Monday, December 18, 2017

Brands, Consumers Driving Force Behind Sustainable Practices in Cotton

For several years, we’ve written a lot about how a small group of innovative cotton growers in the Valley have led the way in sustainable farming practices. 

Slowly but surely their support and advocacy is catching on. Just look at some of the headlines:
“Millennials Driving Brands to Practice Socially Responsible Marketing” – in March 2017.

“Sustainable Style: Will Gen Z Help the Fashion Industry Clean Up its Act?” – The U.S. edition of The Guardian of Britain on April 2017.

“How Clothing Brands are Embracing Transparency to Meet the Growing Demand for Sustainable Apparel” – Adweek in May 2017.

This trend is taking off and becoming a driving force in getting cotton growers to embrace sustainable farming practices, according Stephen Harmer, of Jess Smith & Sons Cotton, a Bakersfield cotton marketer.

Stephen Harmer of Jess Smith & Sons discusses sustainability.
“There is this huge shift going on,” Stephen told a group of fashion brand representatives attending this fall’s Cotton Farm Tour sponsored by the Sustainable Cotton Project (SCP). 

The 75.4 million millennials – the up and coming generation ages 20 to 36 – are behind this dynamic market trend.

Cotton bales are ready to be shipped to a warehouse.
“They want to see a sustainable product that they are purchasing. They want to see traceability. We see more demand for sustainable fiber, whether it is organic, Better Cotton Initiative (BCI) cotton or Cleaner Cotton™. “More and more you are seeing sustainable products that are traced all the way back to the farmer. That is very common now. I think it will continue to grow.”

Gins use bale tags identifies the source of the cotton.
SCP has a long track record working with Valley growers to produce trademarked Cleaner Cotton™. SCP works with growers to follow best management practices and avoid using the most toxic chemicals used to produce their cotton crop. 
BCI is a global program in which growers adhere to various sustainable standards. Only SCP’s Cleaner Cotton™ can be traced back to the grower.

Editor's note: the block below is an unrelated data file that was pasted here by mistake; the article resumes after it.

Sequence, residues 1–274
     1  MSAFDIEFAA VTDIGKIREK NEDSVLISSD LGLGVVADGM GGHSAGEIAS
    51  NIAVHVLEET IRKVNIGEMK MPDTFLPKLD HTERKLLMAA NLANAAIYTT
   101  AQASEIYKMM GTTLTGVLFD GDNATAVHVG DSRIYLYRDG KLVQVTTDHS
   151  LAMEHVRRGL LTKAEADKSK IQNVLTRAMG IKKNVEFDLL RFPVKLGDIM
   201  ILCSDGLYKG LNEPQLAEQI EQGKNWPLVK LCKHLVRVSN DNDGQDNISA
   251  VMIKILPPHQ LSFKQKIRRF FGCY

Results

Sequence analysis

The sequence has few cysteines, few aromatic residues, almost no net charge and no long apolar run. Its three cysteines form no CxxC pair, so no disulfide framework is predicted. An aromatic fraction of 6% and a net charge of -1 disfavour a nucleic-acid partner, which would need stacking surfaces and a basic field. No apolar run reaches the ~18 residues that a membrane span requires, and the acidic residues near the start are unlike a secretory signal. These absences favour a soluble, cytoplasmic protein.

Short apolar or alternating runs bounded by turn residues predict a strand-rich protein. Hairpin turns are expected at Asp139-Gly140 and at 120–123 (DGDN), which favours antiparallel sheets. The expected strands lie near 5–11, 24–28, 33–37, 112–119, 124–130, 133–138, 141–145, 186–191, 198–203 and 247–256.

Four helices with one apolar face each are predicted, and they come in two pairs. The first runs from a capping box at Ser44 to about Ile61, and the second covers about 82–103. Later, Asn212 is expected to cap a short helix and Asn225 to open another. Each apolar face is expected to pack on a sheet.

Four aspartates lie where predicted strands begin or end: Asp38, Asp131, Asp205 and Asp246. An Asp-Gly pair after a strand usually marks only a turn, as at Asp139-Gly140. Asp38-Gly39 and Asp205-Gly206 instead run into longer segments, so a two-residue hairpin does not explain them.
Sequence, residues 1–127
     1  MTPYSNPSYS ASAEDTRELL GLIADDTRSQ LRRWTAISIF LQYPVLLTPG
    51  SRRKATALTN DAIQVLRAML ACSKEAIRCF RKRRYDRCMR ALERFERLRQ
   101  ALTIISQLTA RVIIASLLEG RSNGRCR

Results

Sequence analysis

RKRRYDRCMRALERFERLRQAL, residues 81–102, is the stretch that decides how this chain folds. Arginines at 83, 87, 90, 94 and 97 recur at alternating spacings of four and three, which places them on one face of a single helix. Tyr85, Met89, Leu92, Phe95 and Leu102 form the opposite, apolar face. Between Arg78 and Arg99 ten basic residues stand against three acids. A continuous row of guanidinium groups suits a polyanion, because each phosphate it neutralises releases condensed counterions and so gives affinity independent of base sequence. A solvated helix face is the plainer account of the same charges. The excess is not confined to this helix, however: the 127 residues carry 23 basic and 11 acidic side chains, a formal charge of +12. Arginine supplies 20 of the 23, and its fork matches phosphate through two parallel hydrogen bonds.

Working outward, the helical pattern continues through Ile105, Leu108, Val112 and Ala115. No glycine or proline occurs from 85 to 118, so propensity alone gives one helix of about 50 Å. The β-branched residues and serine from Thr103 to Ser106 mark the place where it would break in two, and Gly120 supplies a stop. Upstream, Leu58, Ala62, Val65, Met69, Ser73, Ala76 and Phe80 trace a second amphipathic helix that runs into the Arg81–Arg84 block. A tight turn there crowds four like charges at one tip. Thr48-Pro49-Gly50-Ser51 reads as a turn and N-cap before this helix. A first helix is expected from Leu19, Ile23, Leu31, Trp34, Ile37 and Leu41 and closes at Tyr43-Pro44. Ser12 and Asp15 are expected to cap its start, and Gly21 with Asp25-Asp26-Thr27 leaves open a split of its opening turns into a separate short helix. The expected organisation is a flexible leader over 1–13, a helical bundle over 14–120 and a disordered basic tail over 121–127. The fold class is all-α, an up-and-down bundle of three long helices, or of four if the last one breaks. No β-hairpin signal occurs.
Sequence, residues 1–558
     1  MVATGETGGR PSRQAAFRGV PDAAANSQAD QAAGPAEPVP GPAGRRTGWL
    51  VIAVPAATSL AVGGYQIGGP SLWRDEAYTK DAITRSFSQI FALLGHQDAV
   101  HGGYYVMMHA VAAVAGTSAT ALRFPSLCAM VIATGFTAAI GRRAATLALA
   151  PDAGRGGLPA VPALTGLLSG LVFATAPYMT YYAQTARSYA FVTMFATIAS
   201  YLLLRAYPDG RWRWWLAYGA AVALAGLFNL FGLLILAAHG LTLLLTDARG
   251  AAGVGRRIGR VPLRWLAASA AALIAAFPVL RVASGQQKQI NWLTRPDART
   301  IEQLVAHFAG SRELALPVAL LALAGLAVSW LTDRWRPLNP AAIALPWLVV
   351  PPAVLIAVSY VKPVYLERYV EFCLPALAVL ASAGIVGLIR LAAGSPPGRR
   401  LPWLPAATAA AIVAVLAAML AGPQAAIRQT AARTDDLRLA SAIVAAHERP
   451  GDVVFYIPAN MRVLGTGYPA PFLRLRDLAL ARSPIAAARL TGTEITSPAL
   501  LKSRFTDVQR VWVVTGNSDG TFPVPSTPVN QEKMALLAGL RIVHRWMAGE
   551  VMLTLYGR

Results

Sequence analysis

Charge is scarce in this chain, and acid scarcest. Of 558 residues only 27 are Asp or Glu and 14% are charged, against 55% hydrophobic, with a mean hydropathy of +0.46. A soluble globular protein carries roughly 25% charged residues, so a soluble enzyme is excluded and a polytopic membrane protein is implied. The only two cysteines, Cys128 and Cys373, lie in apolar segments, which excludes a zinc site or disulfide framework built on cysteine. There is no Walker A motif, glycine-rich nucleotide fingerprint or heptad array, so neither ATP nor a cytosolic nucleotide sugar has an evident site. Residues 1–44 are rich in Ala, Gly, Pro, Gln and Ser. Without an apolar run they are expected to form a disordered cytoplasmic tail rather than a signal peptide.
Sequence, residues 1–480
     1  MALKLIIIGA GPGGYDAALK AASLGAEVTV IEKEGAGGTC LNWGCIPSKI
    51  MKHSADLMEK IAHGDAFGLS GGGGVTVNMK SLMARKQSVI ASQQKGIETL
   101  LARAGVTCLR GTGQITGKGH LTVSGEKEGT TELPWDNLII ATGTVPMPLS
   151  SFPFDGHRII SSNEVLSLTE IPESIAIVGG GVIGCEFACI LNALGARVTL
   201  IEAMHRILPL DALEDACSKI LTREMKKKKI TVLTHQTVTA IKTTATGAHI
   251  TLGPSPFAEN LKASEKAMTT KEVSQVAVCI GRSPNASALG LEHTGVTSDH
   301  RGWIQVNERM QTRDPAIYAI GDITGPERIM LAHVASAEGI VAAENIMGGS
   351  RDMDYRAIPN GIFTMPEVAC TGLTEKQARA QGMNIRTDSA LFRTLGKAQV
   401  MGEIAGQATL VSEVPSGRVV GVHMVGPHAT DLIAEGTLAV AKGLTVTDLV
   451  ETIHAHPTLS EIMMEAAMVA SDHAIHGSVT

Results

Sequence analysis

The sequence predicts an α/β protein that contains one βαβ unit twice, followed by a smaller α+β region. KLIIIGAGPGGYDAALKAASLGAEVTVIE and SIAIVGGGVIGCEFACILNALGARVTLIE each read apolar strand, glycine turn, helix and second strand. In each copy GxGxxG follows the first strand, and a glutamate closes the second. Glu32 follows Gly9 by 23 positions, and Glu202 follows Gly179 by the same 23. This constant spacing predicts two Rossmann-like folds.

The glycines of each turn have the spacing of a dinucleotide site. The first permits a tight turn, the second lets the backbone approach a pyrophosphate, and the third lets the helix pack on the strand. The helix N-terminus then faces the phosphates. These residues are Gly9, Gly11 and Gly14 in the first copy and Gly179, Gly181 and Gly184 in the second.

Jess Smith sells the growers’ cotton directly to textile mills, which allows the marketer to generate premiums for the farmer as well as provide assurance the fiber has been grown sustainably and can betraced back to the farm. The company markets both Cleaner Cotton™ and BCI cotton as well as conventional cotton.  
Dan McCurdy is a Cleaner Cotton and BCI grower.

Another selling point: The Valley’s reputation for growing some of the highest quality cotton in the world.  “Cotton is the longest and stronger fiber in the entire world. It is by far the most sustainable crop in the entire world.”

North Face's Backyard Hoodie made with Cleaner Cotton.
Stephen predicts China will become a bigger buyer of cotton in the coming years. China, he says, “is very pro U.S. cotton. They want to buy high quality, traceable, machine picked good quality cotton fiber, which primarily is grown in the USA, Brazil and Australia. We have a very positive outlook for cotton in the next three to five years.”

“BCI and Cleaner Cotton™ are becoming much more popular in the market,” Stephen says. “It is being driven by the brands and the consumers that are looking for the sustainable product.”
Because of this consumer trend, Stephen anticipates more conventional cotton growers turning to sustainable cotton production practices.

“You get a little push back from some (growers),” he said. But he adds that “a lot of them are smart enough to know if the brands and the consumer are pushing for this then they eventually are going to jump on board. The whole industry is really turning in a good direction.”

(Season’s Greetings from the Central Valley Farm Scout. We’re taking a break for the holidays and will be back and better than ever after the New Year.)

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